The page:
We have had ups and downs in this industry since forever – and we often fail to learn, and go back to the old ways as soon as the upswing occurs – will it be different this time?

– Well, we do not know for sure, but from what we see, companies are trying to make their cost reductions be sustainable. There’s no consensus this time around industry outlook or future oil price levels, and this uncertainty leads to focus on balancing cost and profitability in a way we have not seen before.

The post Fireside Interview: Putting-toe-in-first or Cannonball approach to digitalization? appeared first on Digital Twin.

Interview eDrilling COO on Digital Twin and Platform January 2017

Interview eDrilling COO on Digital Twin and Platform January 2017

Digital this and digital that.  These are indeed exciting times for the oil and gas industry.  It is early days yet in 2018, but there’s growing optimism around.  Especially for those involved in digitalisation of the industry.  We sat down with eDrilling’s COO, Sven Inge Odegaard, to hear his view on the topics of digital twin and platform.

Bildeteksten vises her

alt tekst

As one of the co-founders of eDrilling, 2018 is a special year for you?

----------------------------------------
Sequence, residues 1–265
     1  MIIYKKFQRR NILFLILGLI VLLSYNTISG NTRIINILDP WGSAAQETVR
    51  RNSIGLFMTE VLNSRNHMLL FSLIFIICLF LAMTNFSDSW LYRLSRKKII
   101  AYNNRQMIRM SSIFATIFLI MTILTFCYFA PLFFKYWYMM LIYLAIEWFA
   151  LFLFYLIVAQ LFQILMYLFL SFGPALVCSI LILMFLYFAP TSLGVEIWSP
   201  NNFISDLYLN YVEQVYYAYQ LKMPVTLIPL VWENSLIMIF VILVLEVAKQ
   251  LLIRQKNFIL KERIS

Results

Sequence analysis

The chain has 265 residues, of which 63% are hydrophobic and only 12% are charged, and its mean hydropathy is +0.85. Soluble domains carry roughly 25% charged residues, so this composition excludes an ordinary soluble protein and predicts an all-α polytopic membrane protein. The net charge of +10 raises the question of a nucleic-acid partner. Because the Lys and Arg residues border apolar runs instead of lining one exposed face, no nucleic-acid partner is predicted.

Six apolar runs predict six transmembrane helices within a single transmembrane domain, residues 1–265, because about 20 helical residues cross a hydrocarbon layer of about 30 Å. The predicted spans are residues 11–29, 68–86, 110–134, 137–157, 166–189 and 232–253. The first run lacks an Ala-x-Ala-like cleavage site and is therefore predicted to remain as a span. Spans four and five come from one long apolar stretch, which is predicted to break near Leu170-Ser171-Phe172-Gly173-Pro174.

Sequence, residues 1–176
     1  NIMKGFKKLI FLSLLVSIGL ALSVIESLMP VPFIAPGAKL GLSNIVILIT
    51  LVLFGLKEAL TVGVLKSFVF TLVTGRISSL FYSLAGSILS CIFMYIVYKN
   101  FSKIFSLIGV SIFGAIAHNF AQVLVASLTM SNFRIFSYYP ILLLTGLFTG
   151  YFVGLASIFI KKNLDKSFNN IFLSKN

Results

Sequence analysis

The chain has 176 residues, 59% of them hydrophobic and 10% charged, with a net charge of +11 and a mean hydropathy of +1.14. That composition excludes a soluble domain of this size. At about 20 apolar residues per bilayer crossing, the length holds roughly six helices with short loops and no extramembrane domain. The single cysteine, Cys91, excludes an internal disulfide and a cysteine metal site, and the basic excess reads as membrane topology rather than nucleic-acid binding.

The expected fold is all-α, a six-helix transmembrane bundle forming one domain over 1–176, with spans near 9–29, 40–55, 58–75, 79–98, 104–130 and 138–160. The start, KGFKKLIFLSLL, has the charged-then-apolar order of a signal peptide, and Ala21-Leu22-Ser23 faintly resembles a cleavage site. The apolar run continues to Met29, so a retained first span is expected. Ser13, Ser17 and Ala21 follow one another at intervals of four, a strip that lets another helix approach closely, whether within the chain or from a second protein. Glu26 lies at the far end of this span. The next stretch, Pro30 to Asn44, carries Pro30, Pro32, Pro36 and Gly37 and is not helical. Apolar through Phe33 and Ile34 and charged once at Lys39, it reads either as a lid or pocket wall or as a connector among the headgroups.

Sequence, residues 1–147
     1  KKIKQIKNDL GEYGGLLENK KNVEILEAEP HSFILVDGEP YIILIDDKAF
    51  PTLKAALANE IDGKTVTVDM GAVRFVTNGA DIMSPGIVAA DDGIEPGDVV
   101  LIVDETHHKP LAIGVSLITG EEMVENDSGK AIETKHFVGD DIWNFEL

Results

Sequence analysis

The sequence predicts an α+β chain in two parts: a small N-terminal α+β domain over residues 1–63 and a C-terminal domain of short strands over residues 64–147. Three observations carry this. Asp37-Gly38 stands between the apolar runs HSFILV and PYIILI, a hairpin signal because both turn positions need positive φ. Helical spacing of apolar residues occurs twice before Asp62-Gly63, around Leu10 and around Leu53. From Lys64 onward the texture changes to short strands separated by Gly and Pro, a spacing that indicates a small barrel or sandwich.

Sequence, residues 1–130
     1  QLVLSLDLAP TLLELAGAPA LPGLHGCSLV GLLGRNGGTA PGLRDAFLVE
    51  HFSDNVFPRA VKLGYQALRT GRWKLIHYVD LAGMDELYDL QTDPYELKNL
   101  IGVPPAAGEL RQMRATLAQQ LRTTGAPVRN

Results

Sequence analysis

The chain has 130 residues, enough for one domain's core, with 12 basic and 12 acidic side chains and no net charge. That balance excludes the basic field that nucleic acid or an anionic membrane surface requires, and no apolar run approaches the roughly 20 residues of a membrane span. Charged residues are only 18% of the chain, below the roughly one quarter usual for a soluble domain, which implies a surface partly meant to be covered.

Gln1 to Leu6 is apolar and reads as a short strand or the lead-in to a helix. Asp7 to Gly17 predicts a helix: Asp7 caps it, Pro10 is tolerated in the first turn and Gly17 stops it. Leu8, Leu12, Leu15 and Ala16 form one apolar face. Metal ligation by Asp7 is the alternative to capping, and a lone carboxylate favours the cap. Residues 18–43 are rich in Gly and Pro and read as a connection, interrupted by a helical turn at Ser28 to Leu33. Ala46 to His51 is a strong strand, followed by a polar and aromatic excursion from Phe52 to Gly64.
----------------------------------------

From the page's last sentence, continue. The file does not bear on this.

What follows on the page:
–  I guess so. This year our technologies turn 25, and our company 10 years.  And since our first digital twin back in 2008, we have now passed 100 digital twins.

Digital Twin –  Doesn’t everybody have one?

–  Unfortunately, for the oil and gas industry, yet not. Introduced by Michael Grieves at the University of Michigan in 2003, in oil and gas drilling it means the digital representation of the physical downhole reality.  Most service companies say they offer it, but, as for now, it is seldom more than a rebranding of what they’ve already had for a while.

What are the benefits?

– I often refer to Formula 1 racing to explain, especially at the CXO level.  A Formula 1 team uses data from hundreds of sensors wired in the car, harnessing data and using algorithms to make projections about what’s ahead, and apply complex computer models to relay optimal race strategies back to the driver. Ultimately, to drive faster and safer.

In our industry, having a digital twin of your well, pairing digital and physical data combined with predictive analytics and diagnostics, improves accuracy in decision making and results in real, and lasting, safety and efficiency gains.

With obvious benefits like these – how come it is not yet implemented industry-wide?